Volume 552, April 2013
|Number of page(s)||14|
|Section||Planets and planetary systems|
|Published online||26 March 2013|
Nebular gas drag and planetary accretion with eccentric high-mass planets⋆
1 Univ. Estadual Paulista – UNESP, Grupo de Dinâmica Orbital & Planetologia, Guaratinguetá, , CEP 12516-410, SP, Brazil
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2 Univ. Estadual Paulista – UNESP, DCCE – IBILCE, São Jose do Rio Preto, 01405900 SP, Brazil
Received: 12 December 2011
Accepted: 23 January 2013
Aims. We investigate the dynamics of pebbles immersed in a gas disk interacting with a planet on an eccentric orbit. The model has a prescribed gap in the disk around the location of the planetary orbit, as is expected for a giant planet with a mass in the range of 0.1–1 Jupiter masses. The pebbles with sizes in the range of 1 cm to 3 m are placed in a ring outside of the giant planet orbit at distances between 10 and 30 planetary Hill radii. The process of the accumulation of pebbles closer to the gap edge, its possible implication for the planetary accretion, and the importance of the mass and the eccentricity of the planet in this process are the motivations behind the present contribution.
Methods. We used the Bulirsch-Stoer numerical algorithm, which is computationally consistent for close approaches, to integrate the Newtonian equations of the planar (2D), elliptical restricted three-body problem. The angular velocity of the gas disk was determined by the appropriate balance between the gravity, centrifugal, and pressure forces, such that it is sub-Keplerian in regions with a negative radial pressure gradient and super-Keplerian where the radial pressure gradient is positive.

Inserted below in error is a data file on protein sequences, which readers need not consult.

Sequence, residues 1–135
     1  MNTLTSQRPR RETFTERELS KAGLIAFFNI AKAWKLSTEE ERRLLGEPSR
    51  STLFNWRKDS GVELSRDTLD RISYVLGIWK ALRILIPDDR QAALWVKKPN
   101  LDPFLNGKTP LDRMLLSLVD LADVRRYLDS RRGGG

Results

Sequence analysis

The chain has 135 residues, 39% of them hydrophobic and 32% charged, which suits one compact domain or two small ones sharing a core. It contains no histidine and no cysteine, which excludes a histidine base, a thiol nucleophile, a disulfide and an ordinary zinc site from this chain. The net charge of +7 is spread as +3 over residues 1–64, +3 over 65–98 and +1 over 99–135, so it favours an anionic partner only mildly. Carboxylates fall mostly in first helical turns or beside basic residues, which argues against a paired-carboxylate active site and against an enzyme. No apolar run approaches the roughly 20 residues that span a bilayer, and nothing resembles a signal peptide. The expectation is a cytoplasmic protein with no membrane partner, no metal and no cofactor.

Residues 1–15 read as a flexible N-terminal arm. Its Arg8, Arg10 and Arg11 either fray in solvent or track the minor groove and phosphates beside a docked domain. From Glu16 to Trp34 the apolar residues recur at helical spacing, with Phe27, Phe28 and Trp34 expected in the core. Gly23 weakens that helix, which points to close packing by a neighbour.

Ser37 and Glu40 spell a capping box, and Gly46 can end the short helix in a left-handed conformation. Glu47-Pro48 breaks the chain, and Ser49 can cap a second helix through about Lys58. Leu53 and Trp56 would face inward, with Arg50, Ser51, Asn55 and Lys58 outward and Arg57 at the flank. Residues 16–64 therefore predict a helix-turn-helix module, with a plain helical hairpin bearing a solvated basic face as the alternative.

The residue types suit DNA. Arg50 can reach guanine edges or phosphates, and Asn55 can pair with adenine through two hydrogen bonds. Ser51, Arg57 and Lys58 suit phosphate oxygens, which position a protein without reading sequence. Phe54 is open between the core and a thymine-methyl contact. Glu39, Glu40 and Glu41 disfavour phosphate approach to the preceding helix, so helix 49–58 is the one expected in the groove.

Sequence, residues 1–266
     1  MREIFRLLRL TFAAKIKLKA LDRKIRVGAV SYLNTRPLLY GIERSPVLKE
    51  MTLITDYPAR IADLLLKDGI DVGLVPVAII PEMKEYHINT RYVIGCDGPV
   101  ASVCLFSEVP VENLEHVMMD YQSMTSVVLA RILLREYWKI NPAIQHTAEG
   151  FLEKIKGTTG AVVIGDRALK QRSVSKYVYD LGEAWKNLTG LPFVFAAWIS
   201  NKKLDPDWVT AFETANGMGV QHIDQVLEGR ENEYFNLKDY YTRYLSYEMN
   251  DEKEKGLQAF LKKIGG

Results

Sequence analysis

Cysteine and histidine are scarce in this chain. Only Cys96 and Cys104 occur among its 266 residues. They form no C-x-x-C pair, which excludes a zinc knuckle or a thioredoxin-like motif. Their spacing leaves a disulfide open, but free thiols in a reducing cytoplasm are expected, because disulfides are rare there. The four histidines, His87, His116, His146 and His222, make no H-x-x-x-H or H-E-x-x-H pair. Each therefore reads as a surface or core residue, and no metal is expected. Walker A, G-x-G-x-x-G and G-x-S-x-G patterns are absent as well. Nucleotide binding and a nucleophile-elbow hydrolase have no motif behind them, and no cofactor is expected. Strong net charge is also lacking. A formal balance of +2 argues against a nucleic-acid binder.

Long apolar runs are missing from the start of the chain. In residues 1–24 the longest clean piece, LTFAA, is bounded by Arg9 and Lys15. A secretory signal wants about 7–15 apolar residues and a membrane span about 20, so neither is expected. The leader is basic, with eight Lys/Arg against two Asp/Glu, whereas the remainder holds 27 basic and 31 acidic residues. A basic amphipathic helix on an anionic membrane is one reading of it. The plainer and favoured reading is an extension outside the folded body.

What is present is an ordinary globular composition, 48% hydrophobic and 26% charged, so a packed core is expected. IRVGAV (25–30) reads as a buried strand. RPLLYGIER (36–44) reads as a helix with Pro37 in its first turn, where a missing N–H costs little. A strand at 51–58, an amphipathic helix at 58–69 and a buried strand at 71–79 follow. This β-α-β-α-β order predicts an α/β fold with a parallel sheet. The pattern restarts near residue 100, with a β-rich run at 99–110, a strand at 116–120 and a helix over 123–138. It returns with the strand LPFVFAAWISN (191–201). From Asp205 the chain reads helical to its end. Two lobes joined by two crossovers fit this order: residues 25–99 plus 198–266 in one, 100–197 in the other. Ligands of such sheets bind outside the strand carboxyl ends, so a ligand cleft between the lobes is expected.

Results. The results show that there are no trappings in the 1:1 resonance around the L4 and L5 Lagrangian points for very low planetary eccentricities (e2 < 0.07). The trappings in exterior resonances, in the majority of cases, are because the angular velocity of the disk is super-Keplerian in the gap disk outside of the planetary orbit and because the inward drift is stopped. Furthermore, the semi-major axis location of such trappings depends on the gas pressure profile of the gap (depth) and is a = 1.2 for a planet of 1 MJ. A planet on an eccentric orbit interacts with the pebble layer formed by these resonances. Collisions occur and become important for planetary eccentricity near the present value of Jupiter (e2 = 0.05). The maximum rate of the collisions onto a planet of 0.1 MJ occurs when the pebble size is 37.5 cm ≤ s < 75 cm; for a planet with the mass of Jupiter, it is15 cm ≤ s < 30 cm. The accretion stops when the pebble size is less than 2 cm and the gas drag dominates the motion.
Key words: planets and satellites: formation / minor planets, asteroids: general / accretion, accretion disks
Appendices are available in electronic form at http://www.aanda.org
© ESO, 2013
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